Ministry promotes added value
A worker operates a fibre production line at Ha Nam Textile Co at Chau Son Industrial Zone, Ha Nam Province. Although the Viet Nam is a big garment export, the industry has to pay billions of dollars to import fibre every year. — VNS Photo Tran Viet
HA NOI — The Ministry of Industry and Trade is conducting a survey of the cotton industry to help increase the level of added value in the nation's textile and garment products and help the garment industry reduce its dependence on imported raw materials.
The Viet Nam Cotton and Fibre Association said 2000 remained the best year for the cotton industry, with a total area under cultivation of 32-36,000ha. This fell to just 17,300ha in 2006-07 and only 3,000ha in 2008, before recovering last year to 10,400ha. In the meantime, domestic cotton production has met just 1 per cent of local demand, the association said.
Viet Nam Textile and Garment Corporation (Vinatex) general director Mai Hoang An said Viet Nam needed 370,000 tonnes of cotton for domestic production while local supplies met only 4,000 tonnes of this demand, with the rest being imported.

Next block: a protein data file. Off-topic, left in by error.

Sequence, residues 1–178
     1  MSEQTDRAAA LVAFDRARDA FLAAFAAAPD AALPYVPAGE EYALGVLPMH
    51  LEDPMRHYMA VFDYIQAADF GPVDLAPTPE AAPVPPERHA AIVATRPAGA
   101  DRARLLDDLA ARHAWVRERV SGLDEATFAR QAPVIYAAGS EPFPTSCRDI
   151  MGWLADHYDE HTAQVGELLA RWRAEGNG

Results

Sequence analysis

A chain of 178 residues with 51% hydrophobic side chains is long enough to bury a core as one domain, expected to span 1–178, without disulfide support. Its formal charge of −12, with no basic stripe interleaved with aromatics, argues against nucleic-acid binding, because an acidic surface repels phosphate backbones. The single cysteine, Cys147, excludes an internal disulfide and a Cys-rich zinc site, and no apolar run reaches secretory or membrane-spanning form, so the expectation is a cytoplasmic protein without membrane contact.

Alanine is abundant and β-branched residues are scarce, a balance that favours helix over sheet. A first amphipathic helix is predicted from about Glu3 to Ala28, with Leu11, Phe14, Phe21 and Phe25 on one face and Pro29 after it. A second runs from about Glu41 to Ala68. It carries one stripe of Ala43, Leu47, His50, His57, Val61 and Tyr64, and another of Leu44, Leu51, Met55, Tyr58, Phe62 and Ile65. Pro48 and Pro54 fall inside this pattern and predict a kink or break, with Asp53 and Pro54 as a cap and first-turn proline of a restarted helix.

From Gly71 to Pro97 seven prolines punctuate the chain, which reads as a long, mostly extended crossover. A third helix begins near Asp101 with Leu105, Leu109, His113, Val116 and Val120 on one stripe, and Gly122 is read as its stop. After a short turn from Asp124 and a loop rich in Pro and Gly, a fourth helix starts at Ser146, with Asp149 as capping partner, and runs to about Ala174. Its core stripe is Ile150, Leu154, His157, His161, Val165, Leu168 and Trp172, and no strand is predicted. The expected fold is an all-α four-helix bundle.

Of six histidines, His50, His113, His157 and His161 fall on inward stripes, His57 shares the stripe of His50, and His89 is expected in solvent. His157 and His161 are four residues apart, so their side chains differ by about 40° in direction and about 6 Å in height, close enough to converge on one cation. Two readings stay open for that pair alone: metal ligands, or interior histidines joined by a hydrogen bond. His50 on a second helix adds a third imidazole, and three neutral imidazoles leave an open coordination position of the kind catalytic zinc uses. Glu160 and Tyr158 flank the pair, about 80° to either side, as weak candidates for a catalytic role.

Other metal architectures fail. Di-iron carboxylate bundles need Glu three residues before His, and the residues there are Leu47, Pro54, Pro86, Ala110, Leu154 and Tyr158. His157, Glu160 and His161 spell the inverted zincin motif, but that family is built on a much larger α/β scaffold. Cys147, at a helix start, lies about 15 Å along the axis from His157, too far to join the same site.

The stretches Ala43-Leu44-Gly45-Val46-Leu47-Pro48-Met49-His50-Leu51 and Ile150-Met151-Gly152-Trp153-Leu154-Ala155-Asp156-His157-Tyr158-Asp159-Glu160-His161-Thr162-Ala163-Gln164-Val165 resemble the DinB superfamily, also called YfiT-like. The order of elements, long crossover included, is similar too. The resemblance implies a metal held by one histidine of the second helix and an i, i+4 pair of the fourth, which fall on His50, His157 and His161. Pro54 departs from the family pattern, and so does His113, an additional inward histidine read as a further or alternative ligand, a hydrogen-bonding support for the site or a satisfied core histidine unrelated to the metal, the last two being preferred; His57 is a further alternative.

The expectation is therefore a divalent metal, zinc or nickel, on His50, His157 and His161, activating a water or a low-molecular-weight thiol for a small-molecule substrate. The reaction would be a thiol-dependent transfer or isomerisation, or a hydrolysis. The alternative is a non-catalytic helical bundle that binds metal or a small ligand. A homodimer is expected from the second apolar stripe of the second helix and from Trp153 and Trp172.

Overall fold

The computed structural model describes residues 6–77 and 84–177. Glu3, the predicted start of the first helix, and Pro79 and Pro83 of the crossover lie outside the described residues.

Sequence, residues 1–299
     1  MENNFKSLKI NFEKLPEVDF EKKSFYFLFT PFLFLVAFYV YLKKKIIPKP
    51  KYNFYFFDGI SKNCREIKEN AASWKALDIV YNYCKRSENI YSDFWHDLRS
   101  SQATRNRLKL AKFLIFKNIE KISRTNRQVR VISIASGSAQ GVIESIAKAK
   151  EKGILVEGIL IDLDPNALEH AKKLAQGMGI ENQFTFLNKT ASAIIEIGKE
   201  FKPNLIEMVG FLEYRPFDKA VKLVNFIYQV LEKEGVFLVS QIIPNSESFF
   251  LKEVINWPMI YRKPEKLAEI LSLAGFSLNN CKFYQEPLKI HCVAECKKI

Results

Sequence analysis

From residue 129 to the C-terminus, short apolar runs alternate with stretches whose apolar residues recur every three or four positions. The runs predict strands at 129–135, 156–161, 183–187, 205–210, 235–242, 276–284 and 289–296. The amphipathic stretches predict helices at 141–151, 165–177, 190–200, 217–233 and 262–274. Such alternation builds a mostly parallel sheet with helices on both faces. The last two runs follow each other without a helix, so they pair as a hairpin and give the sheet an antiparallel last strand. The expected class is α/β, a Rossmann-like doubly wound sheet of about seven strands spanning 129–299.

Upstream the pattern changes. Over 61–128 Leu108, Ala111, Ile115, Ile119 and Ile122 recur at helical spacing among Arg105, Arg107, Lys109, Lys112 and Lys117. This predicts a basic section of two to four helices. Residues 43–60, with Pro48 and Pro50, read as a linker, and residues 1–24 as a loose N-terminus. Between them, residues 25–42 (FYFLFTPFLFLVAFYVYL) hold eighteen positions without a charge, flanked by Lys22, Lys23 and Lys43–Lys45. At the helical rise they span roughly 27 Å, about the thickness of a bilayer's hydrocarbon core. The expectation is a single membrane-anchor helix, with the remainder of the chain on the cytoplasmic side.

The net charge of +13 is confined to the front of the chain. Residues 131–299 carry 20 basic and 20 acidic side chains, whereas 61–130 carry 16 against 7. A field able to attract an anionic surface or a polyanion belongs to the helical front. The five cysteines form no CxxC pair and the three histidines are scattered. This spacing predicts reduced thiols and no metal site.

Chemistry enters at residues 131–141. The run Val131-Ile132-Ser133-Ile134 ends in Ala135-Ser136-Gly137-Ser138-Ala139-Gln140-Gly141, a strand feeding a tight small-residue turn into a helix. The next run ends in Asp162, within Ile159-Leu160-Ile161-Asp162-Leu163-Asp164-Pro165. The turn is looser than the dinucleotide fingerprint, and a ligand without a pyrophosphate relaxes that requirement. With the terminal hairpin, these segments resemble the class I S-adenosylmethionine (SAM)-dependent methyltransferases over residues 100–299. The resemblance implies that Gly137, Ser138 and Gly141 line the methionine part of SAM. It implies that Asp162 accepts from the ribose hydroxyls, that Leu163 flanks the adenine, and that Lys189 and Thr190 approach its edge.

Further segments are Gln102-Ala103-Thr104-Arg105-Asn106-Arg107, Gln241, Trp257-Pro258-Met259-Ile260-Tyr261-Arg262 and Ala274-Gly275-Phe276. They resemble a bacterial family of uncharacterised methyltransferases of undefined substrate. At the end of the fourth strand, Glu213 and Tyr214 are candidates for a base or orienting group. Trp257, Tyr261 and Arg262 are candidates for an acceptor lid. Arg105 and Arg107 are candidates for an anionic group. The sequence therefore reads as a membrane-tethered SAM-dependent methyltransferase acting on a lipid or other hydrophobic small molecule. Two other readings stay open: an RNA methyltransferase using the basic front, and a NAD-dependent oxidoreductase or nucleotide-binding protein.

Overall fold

In 2010, garment exports totalled US$11.2 billion, but the industry imported cloth and fibres worth $6.5 billion, An said. While the gross export value of Vietnamese garments was high, the net added value of these exports remained low due to this need to import materials, he noted.
Tran Hung, deputy head of of the Ministry of Industry and Trade's Light Industry Department, said development of cotton growing in Viet Nam depended greatly on weather, and the output and quality of domestic cotton in Viet Nam was low and unstable.
To boost the cotton industry, State budget resources have been allocated to give financial support for building infrastructure, including irrigation systems for cotton-growing regions. The plan was expected to improve output and quality of local cotton, increasing the competitiveness of Vietnamese cotton.
Viet Nam Cotton and Fibre Association chairman Tran Dang Tuong also urged the development of a model cotton farm with high output and good quality as an example to other growers.
The State should also consider a cotton price stabilisation fund to give financial support to cotton growers and ensure price stability, he said. It could also provide assistance to investors seeking to grow cotton on large areas.
The Government currently targets a total growing area for cotton of 30,000ha with average output of 1.5-2 tonnes per hectare by 2015. — VNS